I texted the recruitment consultant to tell her that I did not want the interview, nor did I want to be considered for the role. She was offended; she was shocked; she couldn’t understand why I didn’t just do it, even if it was a waste of time. Why didn’t I just do it? Yeah, why not just do it? What was my problem? Why didn’t I just do it? It was only a 20 minute presentation to two important people.
I didn’t mention to her my paralysing fear of talking to people; she wouldn’t have understood me.
Instead, I accepted her idea of a second call with the research manager. He was quite confused; I asked him what he had seen in me that I had missed. It was a certificate on my wall: theoretical knowledge, rather than real world skills. He explained the crux of the job to me; he described a set of tasks which I recognised well. I knew that I could only perform them poorly; that they made me very uncomfortable: I felt that my inability to perform them had contributed to me being made redundant.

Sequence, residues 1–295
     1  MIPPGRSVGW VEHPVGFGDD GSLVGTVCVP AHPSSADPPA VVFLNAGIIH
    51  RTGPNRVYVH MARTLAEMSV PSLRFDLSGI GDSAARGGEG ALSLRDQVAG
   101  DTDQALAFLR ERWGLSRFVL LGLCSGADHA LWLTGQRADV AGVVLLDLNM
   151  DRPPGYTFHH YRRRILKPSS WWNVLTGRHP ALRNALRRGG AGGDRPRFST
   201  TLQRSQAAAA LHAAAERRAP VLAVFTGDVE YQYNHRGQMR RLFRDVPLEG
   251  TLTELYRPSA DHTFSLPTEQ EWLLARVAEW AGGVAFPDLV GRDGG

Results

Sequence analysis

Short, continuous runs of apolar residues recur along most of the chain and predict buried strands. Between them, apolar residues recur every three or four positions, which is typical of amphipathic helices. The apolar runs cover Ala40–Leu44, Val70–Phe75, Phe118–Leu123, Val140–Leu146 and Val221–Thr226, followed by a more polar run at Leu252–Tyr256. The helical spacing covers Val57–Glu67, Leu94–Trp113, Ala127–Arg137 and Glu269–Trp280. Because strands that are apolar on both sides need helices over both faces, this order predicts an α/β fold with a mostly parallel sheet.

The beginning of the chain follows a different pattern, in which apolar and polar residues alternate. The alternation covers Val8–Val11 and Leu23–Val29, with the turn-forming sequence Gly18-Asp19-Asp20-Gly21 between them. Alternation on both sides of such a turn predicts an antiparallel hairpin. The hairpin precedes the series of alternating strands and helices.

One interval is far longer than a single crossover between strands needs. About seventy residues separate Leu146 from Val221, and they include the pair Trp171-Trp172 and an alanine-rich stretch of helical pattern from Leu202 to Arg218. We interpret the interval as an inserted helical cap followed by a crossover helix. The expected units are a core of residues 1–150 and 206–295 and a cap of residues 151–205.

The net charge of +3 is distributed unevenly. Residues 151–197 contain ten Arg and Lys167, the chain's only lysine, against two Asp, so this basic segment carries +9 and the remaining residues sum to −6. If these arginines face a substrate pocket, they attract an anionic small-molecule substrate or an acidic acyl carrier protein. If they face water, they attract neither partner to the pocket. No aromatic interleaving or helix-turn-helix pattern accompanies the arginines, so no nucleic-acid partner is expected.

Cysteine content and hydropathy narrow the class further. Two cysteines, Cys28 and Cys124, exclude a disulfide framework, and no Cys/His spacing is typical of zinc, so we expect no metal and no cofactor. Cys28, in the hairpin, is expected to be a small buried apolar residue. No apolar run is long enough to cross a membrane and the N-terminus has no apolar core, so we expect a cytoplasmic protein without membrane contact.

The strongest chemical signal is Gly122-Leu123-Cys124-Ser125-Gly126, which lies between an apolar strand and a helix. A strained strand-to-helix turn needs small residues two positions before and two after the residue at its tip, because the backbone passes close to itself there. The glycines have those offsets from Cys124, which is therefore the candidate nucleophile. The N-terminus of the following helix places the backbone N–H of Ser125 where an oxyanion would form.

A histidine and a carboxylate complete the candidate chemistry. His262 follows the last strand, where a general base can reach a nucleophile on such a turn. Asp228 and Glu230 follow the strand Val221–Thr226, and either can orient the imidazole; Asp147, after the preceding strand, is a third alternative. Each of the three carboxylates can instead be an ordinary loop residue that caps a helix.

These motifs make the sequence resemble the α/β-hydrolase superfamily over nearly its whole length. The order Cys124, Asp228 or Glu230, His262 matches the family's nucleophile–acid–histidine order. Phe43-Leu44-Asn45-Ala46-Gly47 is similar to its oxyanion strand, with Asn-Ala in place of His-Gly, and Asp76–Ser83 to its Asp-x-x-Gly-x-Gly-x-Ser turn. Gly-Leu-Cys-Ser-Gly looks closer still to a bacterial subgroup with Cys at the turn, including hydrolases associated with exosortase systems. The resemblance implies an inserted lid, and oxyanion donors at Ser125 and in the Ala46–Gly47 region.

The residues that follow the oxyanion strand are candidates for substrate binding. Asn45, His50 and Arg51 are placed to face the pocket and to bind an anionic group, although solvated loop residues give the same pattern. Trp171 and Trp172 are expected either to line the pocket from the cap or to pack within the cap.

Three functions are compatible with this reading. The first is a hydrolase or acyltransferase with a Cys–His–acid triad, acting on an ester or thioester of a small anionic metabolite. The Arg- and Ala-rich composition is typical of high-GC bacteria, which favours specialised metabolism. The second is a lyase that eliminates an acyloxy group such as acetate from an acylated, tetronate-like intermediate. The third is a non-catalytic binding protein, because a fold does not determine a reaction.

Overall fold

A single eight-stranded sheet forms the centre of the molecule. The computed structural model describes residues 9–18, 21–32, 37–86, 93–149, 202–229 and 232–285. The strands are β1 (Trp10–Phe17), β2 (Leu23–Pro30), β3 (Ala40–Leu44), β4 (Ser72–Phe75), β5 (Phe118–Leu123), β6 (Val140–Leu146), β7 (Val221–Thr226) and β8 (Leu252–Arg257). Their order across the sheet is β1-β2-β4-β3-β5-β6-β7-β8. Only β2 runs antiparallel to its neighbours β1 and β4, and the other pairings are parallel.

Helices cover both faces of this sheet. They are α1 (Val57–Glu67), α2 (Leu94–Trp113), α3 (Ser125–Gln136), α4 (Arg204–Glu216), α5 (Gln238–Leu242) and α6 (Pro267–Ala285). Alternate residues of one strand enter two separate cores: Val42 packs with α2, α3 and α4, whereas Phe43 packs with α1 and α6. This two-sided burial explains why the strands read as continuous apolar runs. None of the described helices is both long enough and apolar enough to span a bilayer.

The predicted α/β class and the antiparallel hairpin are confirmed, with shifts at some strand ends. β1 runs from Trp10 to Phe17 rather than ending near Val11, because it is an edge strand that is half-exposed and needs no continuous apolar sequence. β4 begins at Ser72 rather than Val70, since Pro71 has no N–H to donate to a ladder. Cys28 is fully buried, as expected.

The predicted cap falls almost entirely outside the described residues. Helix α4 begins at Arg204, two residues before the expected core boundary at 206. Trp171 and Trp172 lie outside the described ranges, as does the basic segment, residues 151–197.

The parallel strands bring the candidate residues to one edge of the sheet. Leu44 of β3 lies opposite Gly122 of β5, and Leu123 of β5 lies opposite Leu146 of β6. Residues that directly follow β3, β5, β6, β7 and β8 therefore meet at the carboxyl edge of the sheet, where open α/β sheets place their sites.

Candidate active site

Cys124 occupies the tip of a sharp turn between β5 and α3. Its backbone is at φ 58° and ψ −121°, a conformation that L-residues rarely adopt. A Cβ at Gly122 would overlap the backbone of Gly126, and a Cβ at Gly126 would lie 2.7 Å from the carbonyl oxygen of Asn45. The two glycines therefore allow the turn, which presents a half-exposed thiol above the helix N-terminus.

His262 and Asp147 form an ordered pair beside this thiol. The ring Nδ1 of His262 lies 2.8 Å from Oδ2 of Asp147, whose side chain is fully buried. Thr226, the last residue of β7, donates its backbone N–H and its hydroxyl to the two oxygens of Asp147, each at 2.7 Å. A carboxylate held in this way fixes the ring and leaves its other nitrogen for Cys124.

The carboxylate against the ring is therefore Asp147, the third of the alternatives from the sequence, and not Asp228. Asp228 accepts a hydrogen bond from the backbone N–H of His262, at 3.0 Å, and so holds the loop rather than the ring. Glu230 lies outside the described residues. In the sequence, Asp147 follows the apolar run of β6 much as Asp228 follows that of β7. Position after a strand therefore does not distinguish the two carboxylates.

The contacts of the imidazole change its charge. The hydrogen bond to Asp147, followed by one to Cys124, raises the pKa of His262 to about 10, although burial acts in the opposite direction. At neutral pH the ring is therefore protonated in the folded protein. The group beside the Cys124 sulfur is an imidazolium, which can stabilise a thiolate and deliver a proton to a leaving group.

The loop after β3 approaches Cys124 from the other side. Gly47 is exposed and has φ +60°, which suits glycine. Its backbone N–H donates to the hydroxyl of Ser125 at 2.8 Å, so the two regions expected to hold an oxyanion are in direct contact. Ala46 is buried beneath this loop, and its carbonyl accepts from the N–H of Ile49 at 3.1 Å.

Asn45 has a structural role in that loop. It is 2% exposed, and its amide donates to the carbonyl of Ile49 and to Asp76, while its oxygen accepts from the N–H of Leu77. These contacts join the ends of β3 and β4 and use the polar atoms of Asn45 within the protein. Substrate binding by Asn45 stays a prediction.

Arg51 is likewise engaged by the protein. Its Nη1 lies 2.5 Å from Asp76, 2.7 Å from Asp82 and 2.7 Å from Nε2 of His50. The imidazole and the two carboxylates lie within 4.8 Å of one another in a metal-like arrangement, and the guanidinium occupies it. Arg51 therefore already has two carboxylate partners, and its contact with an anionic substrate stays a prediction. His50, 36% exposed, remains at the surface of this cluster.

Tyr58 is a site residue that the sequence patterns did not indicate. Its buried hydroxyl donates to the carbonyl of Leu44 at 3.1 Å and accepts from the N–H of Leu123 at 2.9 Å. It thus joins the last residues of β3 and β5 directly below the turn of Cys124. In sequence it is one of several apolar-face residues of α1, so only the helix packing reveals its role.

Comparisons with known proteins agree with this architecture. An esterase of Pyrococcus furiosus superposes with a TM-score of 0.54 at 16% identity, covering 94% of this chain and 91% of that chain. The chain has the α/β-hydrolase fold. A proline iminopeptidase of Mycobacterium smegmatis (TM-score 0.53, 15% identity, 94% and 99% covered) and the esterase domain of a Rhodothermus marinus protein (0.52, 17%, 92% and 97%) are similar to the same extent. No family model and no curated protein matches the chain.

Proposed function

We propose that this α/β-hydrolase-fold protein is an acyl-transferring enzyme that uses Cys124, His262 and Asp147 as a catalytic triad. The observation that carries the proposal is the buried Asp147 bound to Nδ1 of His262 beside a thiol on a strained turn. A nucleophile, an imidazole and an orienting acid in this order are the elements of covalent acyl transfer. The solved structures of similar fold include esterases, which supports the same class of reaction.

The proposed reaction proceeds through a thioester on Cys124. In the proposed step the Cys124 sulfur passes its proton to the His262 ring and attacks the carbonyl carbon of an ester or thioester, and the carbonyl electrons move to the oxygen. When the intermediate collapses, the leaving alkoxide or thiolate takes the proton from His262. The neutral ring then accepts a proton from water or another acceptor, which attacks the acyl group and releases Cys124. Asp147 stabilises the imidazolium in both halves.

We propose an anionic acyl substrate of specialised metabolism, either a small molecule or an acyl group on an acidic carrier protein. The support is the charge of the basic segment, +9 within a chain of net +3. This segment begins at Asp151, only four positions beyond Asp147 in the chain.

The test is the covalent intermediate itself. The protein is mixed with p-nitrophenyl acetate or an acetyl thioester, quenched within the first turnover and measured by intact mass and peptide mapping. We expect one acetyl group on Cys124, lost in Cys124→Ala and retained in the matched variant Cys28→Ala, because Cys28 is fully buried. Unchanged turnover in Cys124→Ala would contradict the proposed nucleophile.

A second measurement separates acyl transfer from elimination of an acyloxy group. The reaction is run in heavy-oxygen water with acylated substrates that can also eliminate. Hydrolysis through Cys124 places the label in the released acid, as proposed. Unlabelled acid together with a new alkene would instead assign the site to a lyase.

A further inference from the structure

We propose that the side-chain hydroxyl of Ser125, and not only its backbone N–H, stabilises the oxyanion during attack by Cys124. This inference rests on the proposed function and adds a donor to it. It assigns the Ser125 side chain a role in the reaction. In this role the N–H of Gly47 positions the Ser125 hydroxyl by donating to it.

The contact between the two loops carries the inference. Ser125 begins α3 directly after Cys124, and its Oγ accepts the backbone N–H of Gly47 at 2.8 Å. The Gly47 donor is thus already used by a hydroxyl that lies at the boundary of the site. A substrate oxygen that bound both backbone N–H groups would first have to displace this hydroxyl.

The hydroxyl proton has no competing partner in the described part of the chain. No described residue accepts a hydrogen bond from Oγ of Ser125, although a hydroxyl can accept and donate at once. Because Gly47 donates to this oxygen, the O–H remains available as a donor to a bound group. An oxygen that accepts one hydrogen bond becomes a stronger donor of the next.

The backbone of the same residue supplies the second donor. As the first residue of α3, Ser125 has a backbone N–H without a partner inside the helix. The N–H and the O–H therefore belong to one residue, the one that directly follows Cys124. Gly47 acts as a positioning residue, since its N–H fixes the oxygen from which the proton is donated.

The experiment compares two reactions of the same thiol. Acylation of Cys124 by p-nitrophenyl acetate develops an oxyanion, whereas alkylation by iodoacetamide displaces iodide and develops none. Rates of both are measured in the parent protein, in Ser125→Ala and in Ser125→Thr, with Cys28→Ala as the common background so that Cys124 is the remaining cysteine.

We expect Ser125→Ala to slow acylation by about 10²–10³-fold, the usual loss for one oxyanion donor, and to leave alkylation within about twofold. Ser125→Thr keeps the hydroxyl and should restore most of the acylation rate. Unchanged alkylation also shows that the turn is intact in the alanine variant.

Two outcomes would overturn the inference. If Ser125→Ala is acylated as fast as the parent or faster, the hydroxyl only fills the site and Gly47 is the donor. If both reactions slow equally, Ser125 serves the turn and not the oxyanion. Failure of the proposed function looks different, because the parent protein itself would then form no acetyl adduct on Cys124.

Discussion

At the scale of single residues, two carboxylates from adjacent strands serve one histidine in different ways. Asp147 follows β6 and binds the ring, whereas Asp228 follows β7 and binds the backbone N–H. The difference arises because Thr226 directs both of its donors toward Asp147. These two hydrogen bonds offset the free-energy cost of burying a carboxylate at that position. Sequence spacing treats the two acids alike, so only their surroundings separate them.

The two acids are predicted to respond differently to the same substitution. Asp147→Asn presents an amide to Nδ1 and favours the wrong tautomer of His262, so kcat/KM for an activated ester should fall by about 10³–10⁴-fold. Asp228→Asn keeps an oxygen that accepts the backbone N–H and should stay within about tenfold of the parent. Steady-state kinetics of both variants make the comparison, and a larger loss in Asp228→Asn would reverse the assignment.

I explained, as honestly as I could, that such work filled me with dread. That I had no aptitude for interviewing customers or holding focus groups. That I had no desire to do a job I was scared to turn up to every day. That I had never applied for it in the first instance. He seemed to understand me.
Cue Monday morning, and my phone is ringing before I have even had my first cup of coffee. It is, of course, the recruitment consultant. I let the call die, and carry on making my breakfast; a text, then another call, then another text. Her hounding continues until I summarise the meeting in a text, in which I praise her hard work, in order to spare her feelings. I praise the company and apologise. Silence.
I very much doubt that I will hear from her again, but if I do I will be very wary of her assurances.